As is often the case with thin resin pieces such was weaponry, the rondachier’s sword was a little bent. But this was easily fixed by carefully placing the sword into hot water and then straightening it on a flat surface.
Once that was taken care of, it was time to put the mini together. Using small amounts of superglue, I fixed the arms to the torso and put the sheath to its place. All fit together beautifully, and the smart construction of the arms’ glue-points, which are hidden under the shoulder armor, ensures that the joint-lines would be invisible. Only where the sword sheath attaches to to the hip, there remained a fine gap between the sheath’s top-edge and the lower parts of the bands/sash. But this gap was easily filled with a little bit of putty.
All in all, the whole assembly and preparation process, including cleaning up, straightening the sword and gluing the pieces together – and taking pictures, maybe took something like 15 minutes. I consider this very quick and a nice change to the tedious and time-consuming work that I often have to go through to prepare my miniatures. As you can see from the pics, the figure has a strong pose, is sculpted in a realistic, clean style with very convincing proportions, and especially the face is very lively and has lots of character. The sculpt might be a little on the simple side in terms of detail, but I consider this actually a benefit, as this might not only be realistic, but also leaves much room for us painters to use it as blank canvas – and caters to my own personal taste of preferring clean and not overly “cluttered” sculpts.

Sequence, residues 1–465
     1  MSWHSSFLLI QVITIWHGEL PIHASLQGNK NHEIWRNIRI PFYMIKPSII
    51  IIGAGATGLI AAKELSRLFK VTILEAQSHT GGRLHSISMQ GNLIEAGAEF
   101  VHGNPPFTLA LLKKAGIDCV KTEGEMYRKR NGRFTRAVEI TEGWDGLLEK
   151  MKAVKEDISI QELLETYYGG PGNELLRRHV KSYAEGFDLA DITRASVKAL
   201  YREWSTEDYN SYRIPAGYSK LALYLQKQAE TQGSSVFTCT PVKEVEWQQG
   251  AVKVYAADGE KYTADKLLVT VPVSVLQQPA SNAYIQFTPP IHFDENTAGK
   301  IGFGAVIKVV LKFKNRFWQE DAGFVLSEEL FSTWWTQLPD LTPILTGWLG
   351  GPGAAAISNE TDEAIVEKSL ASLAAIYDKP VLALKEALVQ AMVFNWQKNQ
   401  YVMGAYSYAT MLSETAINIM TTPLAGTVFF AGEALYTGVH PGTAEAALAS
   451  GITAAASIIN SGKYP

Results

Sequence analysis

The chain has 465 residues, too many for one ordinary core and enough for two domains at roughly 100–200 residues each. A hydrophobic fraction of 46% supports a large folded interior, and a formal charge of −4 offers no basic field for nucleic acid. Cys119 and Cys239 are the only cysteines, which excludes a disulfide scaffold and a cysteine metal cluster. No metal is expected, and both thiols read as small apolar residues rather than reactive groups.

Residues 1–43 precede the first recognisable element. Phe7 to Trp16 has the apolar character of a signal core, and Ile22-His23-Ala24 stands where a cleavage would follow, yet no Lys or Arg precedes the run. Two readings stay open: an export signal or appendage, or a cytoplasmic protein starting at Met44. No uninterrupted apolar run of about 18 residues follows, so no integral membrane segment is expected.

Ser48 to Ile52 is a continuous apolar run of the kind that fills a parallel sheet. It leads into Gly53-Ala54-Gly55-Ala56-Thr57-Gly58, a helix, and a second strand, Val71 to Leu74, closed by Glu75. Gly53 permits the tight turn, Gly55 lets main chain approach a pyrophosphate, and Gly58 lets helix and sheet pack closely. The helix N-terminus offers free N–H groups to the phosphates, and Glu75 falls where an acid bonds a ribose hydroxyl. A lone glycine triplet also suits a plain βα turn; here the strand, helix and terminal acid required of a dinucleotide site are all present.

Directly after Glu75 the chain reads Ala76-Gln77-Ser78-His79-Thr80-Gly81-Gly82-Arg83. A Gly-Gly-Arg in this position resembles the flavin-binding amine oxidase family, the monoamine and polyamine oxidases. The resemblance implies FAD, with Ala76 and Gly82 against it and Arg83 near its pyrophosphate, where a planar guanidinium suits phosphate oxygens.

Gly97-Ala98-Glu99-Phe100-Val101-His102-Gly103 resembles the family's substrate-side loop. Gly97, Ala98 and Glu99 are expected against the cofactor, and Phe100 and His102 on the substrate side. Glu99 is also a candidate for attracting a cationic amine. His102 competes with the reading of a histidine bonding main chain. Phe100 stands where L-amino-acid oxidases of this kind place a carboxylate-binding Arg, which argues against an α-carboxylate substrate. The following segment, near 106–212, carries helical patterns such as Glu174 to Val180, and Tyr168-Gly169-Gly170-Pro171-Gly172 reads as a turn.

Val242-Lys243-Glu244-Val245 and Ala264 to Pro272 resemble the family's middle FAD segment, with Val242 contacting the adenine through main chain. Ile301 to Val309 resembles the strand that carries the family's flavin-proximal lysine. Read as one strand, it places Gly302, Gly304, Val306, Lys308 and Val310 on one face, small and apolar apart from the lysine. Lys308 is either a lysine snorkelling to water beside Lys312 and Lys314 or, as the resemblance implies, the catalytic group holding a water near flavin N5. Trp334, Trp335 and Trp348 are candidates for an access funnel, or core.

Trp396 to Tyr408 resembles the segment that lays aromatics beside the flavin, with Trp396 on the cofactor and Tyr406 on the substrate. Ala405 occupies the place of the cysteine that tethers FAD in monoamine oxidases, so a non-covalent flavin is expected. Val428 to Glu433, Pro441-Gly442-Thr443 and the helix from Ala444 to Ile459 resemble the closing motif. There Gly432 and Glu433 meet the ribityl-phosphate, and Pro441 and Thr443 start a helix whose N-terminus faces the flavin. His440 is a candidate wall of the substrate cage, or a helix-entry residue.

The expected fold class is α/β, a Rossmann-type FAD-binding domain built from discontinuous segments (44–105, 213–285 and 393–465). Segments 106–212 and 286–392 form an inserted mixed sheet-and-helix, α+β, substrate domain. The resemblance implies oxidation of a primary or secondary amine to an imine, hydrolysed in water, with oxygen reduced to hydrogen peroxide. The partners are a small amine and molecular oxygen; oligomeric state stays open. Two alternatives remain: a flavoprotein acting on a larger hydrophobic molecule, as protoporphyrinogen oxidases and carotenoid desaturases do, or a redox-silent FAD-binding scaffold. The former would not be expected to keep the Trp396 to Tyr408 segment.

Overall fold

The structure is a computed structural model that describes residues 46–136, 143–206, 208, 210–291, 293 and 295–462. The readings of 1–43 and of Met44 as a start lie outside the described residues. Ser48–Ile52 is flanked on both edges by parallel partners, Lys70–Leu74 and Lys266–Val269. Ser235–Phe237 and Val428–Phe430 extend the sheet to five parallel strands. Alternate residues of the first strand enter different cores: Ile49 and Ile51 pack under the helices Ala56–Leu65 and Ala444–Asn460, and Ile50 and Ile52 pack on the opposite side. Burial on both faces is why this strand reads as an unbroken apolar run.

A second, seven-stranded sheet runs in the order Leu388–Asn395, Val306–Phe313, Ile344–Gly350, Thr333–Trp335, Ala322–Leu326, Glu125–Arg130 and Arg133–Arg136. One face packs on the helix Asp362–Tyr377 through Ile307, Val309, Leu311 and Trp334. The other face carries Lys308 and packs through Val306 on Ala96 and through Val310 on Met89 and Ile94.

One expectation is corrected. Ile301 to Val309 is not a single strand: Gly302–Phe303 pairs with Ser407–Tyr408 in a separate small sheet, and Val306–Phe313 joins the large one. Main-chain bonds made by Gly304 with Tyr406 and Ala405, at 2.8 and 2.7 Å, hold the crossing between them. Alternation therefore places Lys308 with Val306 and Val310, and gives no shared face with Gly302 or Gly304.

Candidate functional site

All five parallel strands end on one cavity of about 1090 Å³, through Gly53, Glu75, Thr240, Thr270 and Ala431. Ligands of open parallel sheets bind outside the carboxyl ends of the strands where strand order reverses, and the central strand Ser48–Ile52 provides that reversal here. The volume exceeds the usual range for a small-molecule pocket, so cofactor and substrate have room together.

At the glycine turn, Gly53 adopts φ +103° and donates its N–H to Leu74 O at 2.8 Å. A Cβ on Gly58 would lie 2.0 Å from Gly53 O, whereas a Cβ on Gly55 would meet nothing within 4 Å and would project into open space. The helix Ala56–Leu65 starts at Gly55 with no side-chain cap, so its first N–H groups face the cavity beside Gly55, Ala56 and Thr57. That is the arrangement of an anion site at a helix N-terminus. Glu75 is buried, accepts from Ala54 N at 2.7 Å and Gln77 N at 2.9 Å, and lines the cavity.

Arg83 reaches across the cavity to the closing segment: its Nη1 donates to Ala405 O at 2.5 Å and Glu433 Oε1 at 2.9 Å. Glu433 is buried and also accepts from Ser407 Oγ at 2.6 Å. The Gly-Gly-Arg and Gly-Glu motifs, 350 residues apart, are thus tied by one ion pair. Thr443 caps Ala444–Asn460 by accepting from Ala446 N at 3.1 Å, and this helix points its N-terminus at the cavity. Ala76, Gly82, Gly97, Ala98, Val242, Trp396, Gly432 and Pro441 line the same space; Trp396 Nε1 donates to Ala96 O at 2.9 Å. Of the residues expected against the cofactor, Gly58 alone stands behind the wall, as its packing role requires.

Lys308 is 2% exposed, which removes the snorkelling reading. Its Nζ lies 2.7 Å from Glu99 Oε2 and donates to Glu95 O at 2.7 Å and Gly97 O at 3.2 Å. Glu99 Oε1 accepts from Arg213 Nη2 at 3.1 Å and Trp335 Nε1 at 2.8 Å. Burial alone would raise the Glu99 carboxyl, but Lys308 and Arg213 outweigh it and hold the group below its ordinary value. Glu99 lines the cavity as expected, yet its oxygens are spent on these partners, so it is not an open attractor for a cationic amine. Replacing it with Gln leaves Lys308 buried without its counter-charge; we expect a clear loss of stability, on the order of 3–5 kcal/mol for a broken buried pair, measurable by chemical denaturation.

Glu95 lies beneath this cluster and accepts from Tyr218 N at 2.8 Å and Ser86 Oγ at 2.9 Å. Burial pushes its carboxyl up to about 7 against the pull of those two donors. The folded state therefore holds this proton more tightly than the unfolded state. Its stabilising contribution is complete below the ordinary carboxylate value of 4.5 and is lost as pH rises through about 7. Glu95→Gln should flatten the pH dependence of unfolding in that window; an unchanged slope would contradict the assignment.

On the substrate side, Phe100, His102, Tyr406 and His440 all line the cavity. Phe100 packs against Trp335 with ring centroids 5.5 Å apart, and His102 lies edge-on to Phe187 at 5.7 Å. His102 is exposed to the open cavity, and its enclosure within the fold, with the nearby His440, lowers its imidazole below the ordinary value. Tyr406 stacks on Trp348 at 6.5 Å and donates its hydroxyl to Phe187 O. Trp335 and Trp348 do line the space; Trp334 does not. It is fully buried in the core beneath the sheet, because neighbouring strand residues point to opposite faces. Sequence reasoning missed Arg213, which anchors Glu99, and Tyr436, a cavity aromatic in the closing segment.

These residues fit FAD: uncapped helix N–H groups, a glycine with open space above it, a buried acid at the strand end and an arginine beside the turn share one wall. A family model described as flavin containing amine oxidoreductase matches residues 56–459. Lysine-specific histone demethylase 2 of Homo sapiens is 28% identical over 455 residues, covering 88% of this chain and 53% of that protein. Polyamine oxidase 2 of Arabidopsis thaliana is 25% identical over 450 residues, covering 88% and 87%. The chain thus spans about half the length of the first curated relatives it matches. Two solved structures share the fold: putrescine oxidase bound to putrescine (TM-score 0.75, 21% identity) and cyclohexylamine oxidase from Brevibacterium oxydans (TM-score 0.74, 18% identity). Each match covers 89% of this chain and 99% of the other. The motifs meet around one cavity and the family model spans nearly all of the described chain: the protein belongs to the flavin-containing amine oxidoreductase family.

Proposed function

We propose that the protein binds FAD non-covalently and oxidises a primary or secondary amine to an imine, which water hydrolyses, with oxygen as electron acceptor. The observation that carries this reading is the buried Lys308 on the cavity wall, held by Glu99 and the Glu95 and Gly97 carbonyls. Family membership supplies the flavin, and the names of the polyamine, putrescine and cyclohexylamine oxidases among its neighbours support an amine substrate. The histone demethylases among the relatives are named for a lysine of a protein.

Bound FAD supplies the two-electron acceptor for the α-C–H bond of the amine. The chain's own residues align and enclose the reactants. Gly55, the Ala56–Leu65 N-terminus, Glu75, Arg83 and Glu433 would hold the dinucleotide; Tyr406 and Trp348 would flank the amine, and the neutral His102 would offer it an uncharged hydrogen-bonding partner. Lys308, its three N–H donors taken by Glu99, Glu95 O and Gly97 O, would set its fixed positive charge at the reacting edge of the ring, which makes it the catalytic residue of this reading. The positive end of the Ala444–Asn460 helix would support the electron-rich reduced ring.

So, how do the minis fare and would I recommend them to our readers? To start with the latter: if you’re interested in well-sculpted, historically accurate miniatures in 28mm (and larger) scales, Avanpost delivers excellent products. To sum up my insights on the former, here’s a quick run-down of the pros and cons as I perceive them, based on the seven sample miniatures:
In sum then, I would absolutely recommend you checking out Avanpost’s product line. I plan to build a small vignette as an upcoming project using three (or so) of the early modern period minis as Conquistadors – stay tuned for that in some future feature.
Thanks for reading the review, folks. Make sure to check out Avanpost’s exciting and expanding range of miniatures over at their Facebook site or contact Oleg directly through his gmail account. You also can find Avanpost minis through numerous online shops, your search engine of choice will lead you there. And, as always, feel free to drop me a line or two in the comments section, below.
Finally, If you are a producer of miniatures, models or mini-painting/model-related products and would like to see your product(s) reviewed here on Massive Voodoo, feel free to contact us!